With summer approaching, some drivers will be pushing their endurance behind the wheel to the limit.
Testing your stamina on the highway -- perhaps so you can make it to the family vacation spot in one shot -- can be a deadly practice. Fatigued drivers cause more than 100,000 crashes a year in the United States, according to the National Highway Traffic Safety Administration, resulting in roughly 1,550 deaths. Most drivers cannot judge when they are on the verge of slumber or have seriously compromised reaction times.
Automakers and independent electronics companies are applying technology to this problem, with solutions ranging from simple head-position monitors to integrated sensor systems.
Most of the high-tech solutions intended to address the problem have focused on looking for clues that the driver is about to fall asleep. The simplest devices cost less than $10 and hook over a driver's ear. Whenever the wearer's head dips forward, the unit vibrates or blares a loud wake-up call.
While some users may find the low-cost gadgets reassuring, their warnings may come too late. By the time a driver's head nods, the car may be off the road.
More sophisticated systems introduced in recent years take advantage of computers and cameras built into cars. Mercedes-Benz, for instance, experimented with interior cameras that scanned the driver's eyes for signs of drowsiness. But the company found eye-monitoring software stymied by challenges like sunglasses -- people don't fall asleep only at night -- and not entirely reliable.
In its stead are other systems designed to take advantage of existing electronics. Mercedes calls its version Attention Assist, which is standard in E-Class and CL-Class cars. The program monitors the driver's steering input at the beginning of a trip and then looks for erratic changes, a sign that the driver is tiring. A warning sounds, accompanied by a visual reproach: "Time for a Rest?"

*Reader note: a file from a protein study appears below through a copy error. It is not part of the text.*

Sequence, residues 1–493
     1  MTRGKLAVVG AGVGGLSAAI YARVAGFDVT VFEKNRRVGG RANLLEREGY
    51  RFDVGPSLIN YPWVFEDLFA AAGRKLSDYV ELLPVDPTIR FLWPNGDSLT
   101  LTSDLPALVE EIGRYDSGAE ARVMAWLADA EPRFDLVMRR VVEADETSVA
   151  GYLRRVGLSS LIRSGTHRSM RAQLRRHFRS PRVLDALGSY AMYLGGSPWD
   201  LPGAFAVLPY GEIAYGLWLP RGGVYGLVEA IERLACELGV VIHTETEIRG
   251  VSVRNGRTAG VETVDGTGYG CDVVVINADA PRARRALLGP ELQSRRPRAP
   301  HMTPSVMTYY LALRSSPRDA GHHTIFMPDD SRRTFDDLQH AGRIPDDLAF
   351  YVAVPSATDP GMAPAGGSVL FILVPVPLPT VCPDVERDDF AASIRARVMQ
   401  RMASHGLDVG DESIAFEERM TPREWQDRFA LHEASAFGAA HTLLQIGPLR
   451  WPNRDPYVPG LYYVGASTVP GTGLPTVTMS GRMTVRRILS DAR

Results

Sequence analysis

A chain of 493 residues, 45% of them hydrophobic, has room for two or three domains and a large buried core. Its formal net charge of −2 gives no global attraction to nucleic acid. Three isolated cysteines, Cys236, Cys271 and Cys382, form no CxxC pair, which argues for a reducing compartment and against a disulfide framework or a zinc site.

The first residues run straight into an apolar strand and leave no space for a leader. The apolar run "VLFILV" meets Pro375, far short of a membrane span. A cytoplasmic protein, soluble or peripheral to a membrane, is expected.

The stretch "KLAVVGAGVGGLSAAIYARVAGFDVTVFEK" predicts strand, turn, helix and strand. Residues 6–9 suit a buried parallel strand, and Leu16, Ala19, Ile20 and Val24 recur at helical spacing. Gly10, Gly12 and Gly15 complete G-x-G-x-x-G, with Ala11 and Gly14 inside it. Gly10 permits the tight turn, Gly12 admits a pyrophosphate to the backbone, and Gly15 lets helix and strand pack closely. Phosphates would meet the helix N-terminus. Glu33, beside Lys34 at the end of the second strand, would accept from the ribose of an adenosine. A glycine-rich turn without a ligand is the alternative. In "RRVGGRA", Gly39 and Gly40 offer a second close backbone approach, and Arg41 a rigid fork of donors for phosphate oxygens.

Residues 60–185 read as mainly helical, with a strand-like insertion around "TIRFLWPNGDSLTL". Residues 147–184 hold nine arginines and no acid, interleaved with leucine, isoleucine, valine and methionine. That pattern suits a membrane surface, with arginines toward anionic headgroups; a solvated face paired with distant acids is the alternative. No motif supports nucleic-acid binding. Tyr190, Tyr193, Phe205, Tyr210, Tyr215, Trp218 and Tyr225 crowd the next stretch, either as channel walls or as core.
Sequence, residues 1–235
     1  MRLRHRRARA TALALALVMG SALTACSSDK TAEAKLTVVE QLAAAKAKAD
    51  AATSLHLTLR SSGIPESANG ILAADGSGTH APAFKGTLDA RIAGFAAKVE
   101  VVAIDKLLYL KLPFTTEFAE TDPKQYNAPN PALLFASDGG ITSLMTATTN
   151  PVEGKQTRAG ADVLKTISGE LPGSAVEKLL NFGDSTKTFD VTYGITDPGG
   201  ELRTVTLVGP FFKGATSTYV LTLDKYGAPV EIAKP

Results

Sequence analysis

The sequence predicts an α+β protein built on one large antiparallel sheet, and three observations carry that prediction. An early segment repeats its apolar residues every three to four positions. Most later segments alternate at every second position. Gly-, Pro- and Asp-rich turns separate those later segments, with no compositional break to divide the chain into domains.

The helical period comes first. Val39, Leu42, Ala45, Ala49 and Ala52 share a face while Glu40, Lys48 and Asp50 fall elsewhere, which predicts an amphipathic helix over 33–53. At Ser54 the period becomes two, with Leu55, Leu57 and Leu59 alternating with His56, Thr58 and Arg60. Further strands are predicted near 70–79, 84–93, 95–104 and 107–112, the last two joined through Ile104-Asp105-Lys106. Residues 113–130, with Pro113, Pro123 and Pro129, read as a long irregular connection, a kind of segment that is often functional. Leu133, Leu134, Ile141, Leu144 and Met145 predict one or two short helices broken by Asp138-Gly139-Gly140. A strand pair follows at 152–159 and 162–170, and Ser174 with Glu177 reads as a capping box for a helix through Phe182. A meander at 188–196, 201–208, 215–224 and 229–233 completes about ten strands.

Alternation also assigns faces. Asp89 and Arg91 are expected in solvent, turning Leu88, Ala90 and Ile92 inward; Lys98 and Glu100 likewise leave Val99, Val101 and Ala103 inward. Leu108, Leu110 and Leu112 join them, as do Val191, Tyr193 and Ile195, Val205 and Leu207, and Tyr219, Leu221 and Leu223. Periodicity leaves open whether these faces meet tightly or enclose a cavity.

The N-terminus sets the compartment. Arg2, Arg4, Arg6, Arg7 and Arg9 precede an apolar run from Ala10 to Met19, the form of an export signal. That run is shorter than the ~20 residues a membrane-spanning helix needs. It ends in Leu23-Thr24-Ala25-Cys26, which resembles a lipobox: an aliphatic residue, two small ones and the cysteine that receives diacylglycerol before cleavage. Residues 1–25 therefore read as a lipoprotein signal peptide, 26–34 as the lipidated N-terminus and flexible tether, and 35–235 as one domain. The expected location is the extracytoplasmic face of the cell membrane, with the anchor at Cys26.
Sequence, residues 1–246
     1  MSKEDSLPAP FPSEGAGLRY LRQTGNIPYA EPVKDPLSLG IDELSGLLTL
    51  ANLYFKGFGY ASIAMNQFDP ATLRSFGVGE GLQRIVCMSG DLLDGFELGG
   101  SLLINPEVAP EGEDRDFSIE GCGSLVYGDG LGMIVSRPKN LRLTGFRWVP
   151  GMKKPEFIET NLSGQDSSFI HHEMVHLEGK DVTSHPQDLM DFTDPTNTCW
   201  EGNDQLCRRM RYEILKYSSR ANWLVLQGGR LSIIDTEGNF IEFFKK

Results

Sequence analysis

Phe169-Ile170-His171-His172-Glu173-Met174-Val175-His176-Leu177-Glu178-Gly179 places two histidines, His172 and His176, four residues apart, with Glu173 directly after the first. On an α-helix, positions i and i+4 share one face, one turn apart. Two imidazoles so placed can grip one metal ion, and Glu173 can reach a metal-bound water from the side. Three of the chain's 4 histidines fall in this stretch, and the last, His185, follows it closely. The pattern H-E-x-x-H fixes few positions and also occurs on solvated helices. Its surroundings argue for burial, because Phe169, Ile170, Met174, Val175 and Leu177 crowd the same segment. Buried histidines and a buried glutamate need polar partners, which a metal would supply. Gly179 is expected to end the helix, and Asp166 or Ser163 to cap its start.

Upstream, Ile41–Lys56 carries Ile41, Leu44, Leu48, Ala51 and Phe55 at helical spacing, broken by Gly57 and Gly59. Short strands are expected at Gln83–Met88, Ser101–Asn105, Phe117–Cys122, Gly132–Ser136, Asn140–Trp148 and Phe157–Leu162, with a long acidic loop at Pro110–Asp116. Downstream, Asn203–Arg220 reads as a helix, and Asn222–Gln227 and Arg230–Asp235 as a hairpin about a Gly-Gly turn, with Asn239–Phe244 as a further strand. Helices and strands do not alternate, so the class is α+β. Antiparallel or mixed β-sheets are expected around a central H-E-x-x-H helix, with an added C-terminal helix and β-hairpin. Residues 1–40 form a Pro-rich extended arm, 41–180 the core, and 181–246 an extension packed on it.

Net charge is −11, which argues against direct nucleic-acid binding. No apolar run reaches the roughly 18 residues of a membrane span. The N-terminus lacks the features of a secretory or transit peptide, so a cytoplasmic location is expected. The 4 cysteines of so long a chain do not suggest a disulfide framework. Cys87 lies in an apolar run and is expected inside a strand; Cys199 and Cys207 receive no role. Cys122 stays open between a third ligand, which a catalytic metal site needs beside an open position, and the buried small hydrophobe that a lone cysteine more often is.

The system in the Volvo XC60 operates on a slightly different principle, monitoring lane markers and looking for "micro corrections" in the steering that inattentive drivers tend to make. However, some drivers have found these systems too sensitive and turn them off to silence the beeps.
The makers of the $179 Anti Sleep Pilot have taken a simpler and quite different approach. This device requires regular input from drivers to ensure they are alert. Placed on the dashboard, the Oreo-size Anti Sleep Pilot has a motion detector, flashing lights, and an audible alarm. IPhone users can instead buy a $19.99 app that mirrors most features of the standalone model.
The touch-sensitive device has a line of ascending lights that indicate the risk of falling asleep, which is determined by answering a variety of questions (age, type of driving you do, sleeping habits, etc.) covering 26 fatigue factors. The driver sets the risk number on the device; it then calculates a safe driving time before a break is needed.
At the beginning of a trip, its prompt is a mild-mannered chirp, which the driver quells by touching the device. The chimes may start at 15-minute intervals, for example, and gradually increase in frequency depending on the initial fatigue settings and the response time to each beep. The more fatigued it senses a driver is, the more often it will beep. When it determines a rest break is needed, a loud alarm sounds and the lights go red.
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